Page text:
Friday, February 28, 2014

Here We Go Again...

This past Monday we had an appointment with a neurologist I waited 4 months to see. She is a doctor I saw speak at an Epilepsy conference last October, and who really seemed to get all the "side effects" of Epilepsy (behaviorally) that our current neurologist doesn't seem to know much about. Plus, she is head of her department, as opposed to the medical resident we've been assigned at our current practice, who is a wonderful person, just, you know, a medical resident. I wanted a second opinion with this woman. To know we are doing, and have done, everything we can in regards to B's seizures. I wanted to sit down and talk with someone experienced. I remember being at the conference, and a family spoke about how they had gone to several different neurologists when their son was first diagnosed. Over and over they were told they already had the best, and to stop looking. I wanted to see "the best", too.

In the end, though, I'm not sure it was worth the wait. She was different than I expected. Not as animated and social as she was at the conference. She told me B will probably outgrow his seizures, and acted as though we were wasting her time. Don't get me wrong, she was good with B, but I could tell that she didn't consider us one of the serious cases she is probably used to handling (which is probably why she spent the majority of the appointment talking to B about Minecraft and his other interests, instead of asking me about his seizures.) She said she'd follow us "if we wanted", with a shrug of the shoulders. To me, B's Epilepsy is serious, but I suppose because there is a chance he could one day be seizure free, we just weren't interesting enough.

She also brushed off my behavior concerns, and of course had to give her opinion on his Aspergers diagnosis. That even though we had a 6 hour neuropsych exam done through the autism center that is part of her hospital, she just thinks he's highly intelligent and "a boy". Even though she admitted that the neuropsych was very thorough, and even though I told her it was the school BCBA who really thought he had Aspergers and told us to get an evaluation, she wasn't convinced. She told me she'd have the psychologist who works with her take a look at his testing, see if she agreed or disagreed with the diagnosis.

It pissed me off.

We weren't there to discuss anything other than B's seizures. I certainly wasn't there for a 2nd opinion on his Aspergers diagnosis, especially when she isn't a neurologist who specializes in anything other than Epilepsy. I'm tired of every doctor and nurse we come across thinking I *want* their opinion on any diagnosis my kids carry. There's nothing I want less.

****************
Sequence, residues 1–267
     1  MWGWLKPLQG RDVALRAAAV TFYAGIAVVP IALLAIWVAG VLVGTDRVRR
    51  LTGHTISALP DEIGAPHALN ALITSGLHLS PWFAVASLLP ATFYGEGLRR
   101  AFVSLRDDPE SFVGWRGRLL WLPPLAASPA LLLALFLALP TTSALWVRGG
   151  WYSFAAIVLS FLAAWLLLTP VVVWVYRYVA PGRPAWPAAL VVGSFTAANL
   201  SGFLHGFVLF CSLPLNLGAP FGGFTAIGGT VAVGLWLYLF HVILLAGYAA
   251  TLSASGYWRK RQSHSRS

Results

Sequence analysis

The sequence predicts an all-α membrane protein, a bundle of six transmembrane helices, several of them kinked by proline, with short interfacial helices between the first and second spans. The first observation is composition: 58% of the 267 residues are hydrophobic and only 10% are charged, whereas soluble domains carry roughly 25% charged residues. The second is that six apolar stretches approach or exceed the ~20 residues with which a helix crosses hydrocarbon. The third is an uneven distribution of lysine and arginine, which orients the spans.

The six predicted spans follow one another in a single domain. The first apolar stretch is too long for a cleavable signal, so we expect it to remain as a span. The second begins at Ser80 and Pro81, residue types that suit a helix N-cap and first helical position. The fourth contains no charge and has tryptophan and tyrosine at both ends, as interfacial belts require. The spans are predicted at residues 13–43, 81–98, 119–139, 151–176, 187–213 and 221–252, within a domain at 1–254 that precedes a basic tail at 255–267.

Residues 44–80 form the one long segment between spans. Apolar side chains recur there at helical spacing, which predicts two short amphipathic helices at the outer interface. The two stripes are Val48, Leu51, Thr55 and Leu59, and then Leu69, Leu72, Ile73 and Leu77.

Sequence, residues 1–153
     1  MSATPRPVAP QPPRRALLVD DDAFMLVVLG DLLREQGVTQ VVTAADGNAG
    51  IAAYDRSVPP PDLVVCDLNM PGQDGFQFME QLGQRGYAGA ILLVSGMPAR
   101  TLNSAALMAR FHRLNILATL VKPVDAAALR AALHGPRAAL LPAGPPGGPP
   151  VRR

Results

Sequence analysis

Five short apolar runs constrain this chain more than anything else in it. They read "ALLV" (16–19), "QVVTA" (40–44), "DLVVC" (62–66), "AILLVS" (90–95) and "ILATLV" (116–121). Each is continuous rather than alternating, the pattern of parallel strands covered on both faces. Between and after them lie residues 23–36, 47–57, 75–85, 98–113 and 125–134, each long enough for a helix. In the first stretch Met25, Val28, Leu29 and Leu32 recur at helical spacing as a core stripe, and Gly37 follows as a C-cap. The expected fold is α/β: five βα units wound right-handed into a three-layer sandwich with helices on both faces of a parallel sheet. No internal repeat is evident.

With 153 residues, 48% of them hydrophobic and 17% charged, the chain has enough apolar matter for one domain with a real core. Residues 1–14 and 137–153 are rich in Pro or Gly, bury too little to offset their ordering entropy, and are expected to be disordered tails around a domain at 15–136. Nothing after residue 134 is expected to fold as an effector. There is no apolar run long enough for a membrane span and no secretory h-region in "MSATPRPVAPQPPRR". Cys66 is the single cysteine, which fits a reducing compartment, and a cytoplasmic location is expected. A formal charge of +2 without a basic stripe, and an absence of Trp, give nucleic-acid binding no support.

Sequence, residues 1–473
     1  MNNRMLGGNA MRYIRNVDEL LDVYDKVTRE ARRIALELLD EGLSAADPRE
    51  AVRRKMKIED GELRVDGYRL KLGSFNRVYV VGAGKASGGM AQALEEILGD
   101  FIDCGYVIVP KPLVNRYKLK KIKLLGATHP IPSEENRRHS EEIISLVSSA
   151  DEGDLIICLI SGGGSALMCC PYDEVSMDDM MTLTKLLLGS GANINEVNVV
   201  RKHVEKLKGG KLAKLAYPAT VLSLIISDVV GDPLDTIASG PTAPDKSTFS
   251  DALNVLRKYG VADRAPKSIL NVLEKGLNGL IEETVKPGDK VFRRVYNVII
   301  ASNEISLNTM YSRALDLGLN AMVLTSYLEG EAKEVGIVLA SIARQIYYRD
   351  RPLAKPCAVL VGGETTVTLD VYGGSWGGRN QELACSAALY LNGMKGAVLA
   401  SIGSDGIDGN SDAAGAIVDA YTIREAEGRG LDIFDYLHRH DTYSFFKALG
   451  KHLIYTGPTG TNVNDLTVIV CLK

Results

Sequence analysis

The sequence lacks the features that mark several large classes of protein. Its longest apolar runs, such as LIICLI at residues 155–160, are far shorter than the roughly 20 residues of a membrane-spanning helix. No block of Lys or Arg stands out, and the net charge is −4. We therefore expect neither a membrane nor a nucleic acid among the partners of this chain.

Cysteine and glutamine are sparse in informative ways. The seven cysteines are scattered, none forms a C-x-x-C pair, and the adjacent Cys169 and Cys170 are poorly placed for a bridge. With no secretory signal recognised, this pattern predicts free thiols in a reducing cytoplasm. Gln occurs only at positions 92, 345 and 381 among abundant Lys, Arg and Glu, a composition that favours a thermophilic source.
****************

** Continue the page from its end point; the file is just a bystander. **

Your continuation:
At first, I tried convincing myself the appointment had gone really well, but once I was able to process everything, I realized just how much she brushed me off, and it really bothered me. Not because she wouldn't do anything differently, but because she seemed uninterested. Instead of taking time to discuss my concerns about the seizures, she spent most of the time challenging his diagnosis on the spectrum, or talking about topics unrelated to why we were there.

I really hoped I'd be seeing that passionate, caring, knowledgeable person I saw speak. I should have known better. Doctors who are department heads don't want cases like B's. Regardless of how scary his brand of Epilepsy is to me, cases like his don't peak the interest of a seasoned neurologist. B isn't a waste of time, though. He's a kid who had 6 tonic/clonic seizures over the course of 3 weeks, and whom I worry about every day. I want a doctor who gets that. And you know what? Our inexperienced medical resident does. She is always there to email, or call, and never makes me feel like I'm wasting her time, or that B's Epilepsy is no big deal.

She also doesn't question his Aspergers diagnosis, because, you know, she's met him, and knows it's not just "intelligence and boy". She also knows we see her for seizures, not autism.

I guess I've learned a valuable lesson: bedside manner, personality, those things can sometimes be way more important than how much experience a doctor has. It's important to see someone who isn't jaded, or just looking for the most severe case. Who thinks B is just as important as I do. Even if he one day does outgrow his seizures, it doesn't mean I don't worry now, especially since his type of seizures are the ones most associated with SUDEP. Excuse me if I don't brush his Epilepsy off, and skip along home.

So, we're sticking with our current neurologist. She's not "just" a medical resident, she's someone who cares about my kid, and knows he's worth her time.

Sunday, February 16, 2014

Ohana Means Family...